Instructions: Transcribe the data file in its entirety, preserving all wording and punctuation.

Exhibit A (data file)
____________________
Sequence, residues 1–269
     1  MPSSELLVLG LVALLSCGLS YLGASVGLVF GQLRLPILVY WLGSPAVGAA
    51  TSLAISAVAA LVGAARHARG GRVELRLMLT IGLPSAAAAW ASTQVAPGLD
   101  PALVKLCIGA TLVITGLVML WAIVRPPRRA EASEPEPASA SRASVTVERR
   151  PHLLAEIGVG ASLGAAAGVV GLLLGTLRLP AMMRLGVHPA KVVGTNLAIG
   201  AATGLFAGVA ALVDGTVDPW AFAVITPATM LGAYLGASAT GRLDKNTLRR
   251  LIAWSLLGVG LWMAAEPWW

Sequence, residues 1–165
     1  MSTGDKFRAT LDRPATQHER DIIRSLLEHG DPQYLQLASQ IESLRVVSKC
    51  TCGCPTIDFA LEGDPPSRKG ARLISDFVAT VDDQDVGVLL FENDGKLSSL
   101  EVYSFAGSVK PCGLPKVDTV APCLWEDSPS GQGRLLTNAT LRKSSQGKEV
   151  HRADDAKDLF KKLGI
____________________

Sequence, residues 1–269
     1  MPSSELLVLG LVALLSCGLS YLGASVGLVF GQLRLPILVY WLGSPAVGAA
    51  TSLAISAVAA LVGAARHARG GRVELRLMLT IGLPSAAAAW ASTQVAPGLD
   101  PALVKLCIGA TLVITGLVML WAIVRPPRRA EASEPEPASA SRASVTVERR
   151  PHLLAEIGVG ASLGAAAGVV GLLLGTLRLP AMMRLGVHPA KVVGTNLAIG
   201  AATGLFAGVA ALVDGTVDPW AFAVITPATM LGAYLGASAT GRLDKNTLRR
   251  LIAWSLLGVG LWMAAEPWW

Sequence, residues 1–165
     1  MSTGDKFRAT LDRPATQHER DIIRSLLEHG DPQYLQLASQ IESLRVVSKC
    51  TCGCPTIDFA LEGDPPSRKG ARLISDFVAT VDDQDVGVLL FENDGKLSSL
   101  EVYSFAGSVK PCGLPKVDTV APCLWEDSPS GQGRLLTNAT LRKSSQGKEV
   151  HRADDAKDLF KKLGI